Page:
Last spring, major cyberattacks seemed to take place weekly. Everything from gas production to meat packing was vulnerable. As executive director of the Middendorf Foundation, each incident raised my blood pressure. I knew I needed to protect my organization, but I didn’t feel like I had the right tools to do so.
As a small staffed foundation, I find it difficult to access relevant, right-sized information: most tools and resources are geared at larger organizations. Thus, I thought it would be best to learn from my peers.
In September, I met with a working group of Exponent Philanthropy members to discuss how our foundations experienced and prepared for potential cyber incidents. From those conversations, I compiled this checklist of nine easy cyber security actions lean funders should take:
1. Set up multi-factor authentication for software sign-in
Accessing your accounts with a username and password is not enough: usernames can be easy to guess and passwords hard to remember. This leads to many people using the same password for various sites.
Employing multi-factor authentication adds another layer of safety for online services such as financial tools, payroll and investment services. Systems can use this additional action to prove that the person signing into the account is an authorized user. For example, many of the services I use text a security code to my cell phone that I need to enter before I can access sensitive information.
2. Set multi-factor authentication for password changes
You should also have multi-factor authentication, the gold standard being a phone call to a landline, to change passwords or access an account from a new device. One peer uses a password tracker so their passwords can be as complicated as possible. Another proposed using different passwords for each account.
3. Encrypt documents
Whenever I email a document with account information, I encrypt the data and call the receiver with the encryption code. Protecting a document with a password is easy to do in Word. Similarly, I upgraded my Adobe account to encrypt PDFs. This also lets me edit and e-sign them.
4. Remove names and email addresses from your website
Sophisticated phishing attacks involve tricking users into thinking a message came from someone they know and trust. Senders can mimic email addresses so that it looks legitimate.
For example, one peer received a phishing email from a “staff member” asking for information on payroll. This may have been avoided had she not listed her email address on the website. Generic email addresses, such as firstname.lastname@example.org or email@example.com are much safer than using an email with an actual staff’s name.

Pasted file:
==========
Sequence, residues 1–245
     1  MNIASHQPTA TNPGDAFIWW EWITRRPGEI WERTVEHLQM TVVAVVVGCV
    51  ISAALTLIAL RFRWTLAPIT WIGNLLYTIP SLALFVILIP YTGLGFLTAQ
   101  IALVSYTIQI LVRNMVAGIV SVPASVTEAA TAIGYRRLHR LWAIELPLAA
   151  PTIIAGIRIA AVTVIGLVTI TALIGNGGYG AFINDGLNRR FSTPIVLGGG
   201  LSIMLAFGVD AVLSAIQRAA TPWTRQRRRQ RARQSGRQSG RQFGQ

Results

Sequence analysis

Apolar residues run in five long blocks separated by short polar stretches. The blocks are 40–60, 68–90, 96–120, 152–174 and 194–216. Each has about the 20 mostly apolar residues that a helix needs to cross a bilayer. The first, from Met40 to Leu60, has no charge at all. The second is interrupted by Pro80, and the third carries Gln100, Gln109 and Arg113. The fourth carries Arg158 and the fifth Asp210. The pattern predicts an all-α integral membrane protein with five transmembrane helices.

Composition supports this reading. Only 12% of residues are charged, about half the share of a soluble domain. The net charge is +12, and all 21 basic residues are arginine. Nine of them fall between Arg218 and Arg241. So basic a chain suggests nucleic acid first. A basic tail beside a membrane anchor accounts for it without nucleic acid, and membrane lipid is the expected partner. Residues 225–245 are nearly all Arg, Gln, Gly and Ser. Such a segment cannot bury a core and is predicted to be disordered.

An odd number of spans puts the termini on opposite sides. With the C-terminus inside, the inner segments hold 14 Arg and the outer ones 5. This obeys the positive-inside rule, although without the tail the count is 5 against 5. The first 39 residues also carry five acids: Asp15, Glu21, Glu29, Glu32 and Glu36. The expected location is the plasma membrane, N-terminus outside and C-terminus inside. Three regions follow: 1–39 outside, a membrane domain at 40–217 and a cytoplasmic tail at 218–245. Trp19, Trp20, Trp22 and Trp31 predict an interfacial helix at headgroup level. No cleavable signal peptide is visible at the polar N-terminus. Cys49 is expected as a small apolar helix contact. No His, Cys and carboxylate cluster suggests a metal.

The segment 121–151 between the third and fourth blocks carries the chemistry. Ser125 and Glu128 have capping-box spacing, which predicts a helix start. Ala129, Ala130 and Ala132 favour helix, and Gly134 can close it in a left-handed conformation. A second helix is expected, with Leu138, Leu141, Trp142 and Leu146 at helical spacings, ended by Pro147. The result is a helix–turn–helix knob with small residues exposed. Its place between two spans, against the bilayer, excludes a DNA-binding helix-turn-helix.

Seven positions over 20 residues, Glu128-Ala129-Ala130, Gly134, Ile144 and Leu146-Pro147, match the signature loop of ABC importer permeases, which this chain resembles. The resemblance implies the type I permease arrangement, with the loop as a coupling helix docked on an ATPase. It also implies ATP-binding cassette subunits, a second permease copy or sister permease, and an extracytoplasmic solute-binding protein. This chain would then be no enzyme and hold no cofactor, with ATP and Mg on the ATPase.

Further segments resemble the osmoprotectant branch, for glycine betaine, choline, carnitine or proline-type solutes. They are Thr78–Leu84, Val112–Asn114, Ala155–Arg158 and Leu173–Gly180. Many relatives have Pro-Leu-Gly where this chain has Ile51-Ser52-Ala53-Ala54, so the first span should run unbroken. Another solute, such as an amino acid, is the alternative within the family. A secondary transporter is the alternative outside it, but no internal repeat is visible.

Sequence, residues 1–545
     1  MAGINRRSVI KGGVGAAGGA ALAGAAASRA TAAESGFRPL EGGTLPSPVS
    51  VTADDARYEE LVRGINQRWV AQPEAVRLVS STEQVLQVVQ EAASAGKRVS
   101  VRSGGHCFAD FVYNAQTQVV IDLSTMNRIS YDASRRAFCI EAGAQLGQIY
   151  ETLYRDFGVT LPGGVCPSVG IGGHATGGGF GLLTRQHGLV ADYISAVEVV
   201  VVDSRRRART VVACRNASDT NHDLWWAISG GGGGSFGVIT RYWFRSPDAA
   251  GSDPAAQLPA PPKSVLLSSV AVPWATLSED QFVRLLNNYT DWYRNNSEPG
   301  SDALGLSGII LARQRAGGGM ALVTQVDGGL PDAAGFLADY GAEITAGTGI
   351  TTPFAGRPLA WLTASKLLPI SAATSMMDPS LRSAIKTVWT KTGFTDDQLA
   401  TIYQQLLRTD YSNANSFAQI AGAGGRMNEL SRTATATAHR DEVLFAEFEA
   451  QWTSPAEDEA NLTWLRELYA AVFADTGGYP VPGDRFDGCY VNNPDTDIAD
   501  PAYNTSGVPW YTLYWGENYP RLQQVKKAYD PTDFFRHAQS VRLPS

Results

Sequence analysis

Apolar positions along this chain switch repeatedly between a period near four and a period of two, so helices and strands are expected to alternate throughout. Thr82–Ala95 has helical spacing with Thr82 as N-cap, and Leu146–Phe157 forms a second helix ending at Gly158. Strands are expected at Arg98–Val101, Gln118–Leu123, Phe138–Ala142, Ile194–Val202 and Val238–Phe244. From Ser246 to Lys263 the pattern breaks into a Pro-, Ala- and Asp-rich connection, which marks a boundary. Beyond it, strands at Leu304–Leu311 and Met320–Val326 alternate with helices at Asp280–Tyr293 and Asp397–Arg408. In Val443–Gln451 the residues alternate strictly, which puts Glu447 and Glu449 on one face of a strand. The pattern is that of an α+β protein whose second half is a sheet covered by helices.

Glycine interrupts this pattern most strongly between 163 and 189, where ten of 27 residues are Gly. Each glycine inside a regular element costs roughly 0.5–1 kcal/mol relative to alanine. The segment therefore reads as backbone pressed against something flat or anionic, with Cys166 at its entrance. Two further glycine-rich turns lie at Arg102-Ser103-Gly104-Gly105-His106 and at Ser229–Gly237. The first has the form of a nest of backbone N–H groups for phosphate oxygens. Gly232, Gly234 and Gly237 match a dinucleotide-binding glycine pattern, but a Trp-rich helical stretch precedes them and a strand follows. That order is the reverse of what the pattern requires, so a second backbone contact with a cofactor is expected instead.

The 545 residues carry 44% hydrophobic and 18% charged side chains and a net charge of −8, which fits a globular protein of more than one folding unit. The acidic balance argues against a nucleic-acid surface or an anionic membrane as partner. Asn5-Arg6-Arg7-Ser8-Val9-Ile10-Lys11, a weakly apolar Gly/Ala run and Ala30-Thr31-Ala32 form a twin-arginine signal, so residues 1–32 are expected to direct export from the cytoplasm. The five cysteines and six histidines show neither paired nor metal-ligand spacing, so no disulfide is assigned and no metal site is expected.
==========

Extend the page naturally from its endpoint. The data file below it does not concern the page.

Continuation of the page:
5. Avoid exchanging sensitive information
What sensitive information do you really need to ask for, and what’s the risk were it to fall into the wrong hands?
Several peers use platforms like bills.com to manage their vendor, staff and grantee’s banking information. Should your organization experience a cyber-attack, this reduces the risk of that sensitive information being stolen.
6. Avoid unsecure networks
When using your business device in a public space, don’t get on a network that isn’t secured by a password. Turn off your phone’s Wi-Fi when traveling so that it doesn’t accidentally grab onto an unsecured network. This can make the data on your phone vulnerable. One peer said that whenever she takes out her keys to leave her home or office, she turns off her phone’s Wi-Fi.
If you must get online, turn your phone into a Wi-Fi hotspot.
7. Develop cyber policies
If your foundation has staff, make sure everyone’s on the same page about keeping the organization as safe as possible from a cyber-perspective. For example, you might keep staff from using their personal devices for business. This simplifies the repercussions of a possible attack.
8. Invest in cyber insurance
Cyber insurance may be costly, but a broker can find a right-sized solution for your lean foundation. One peer said that her organization pays around $1,600 a year for cyber insurance with a $5,000 deductible. Having that added support from an insurance company was helpful when they needed to use it.
Another peer suggested looking for cyber insurance that is based on your organization’s risk level rather than asset size.
9. Join a cyber-security working group
It’s great to be part of a working group centered on this fast-changing environment. We’re on a shared journey, and hearing about peer experiences, ideas and resources is invaluable.
If you are interested in joining our cyber-security working group, please email firstname.lastname@example.org.
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About the Author
Havaca Ganguly is executive director of the Middendorf Foundation. She leads the foundation’s grantmaking efforts supporting the arts, education, historic preservation, health, environment and social services, largely in the Baltimore area. Havaca has 20+ years of experience working in education policy and international humanitarian aid for both non-profits and philanthropic foundations. She has an undergraduate degree in Latin American Studies from the University of Missouri and a Master’s Degree in Public Administration from the University of Kansas. She is a member of Maryland Philanthropy Network, Exponent Philanthropy and is on the advisory board for the Baltimore-based BUILDING Steps mentoring program.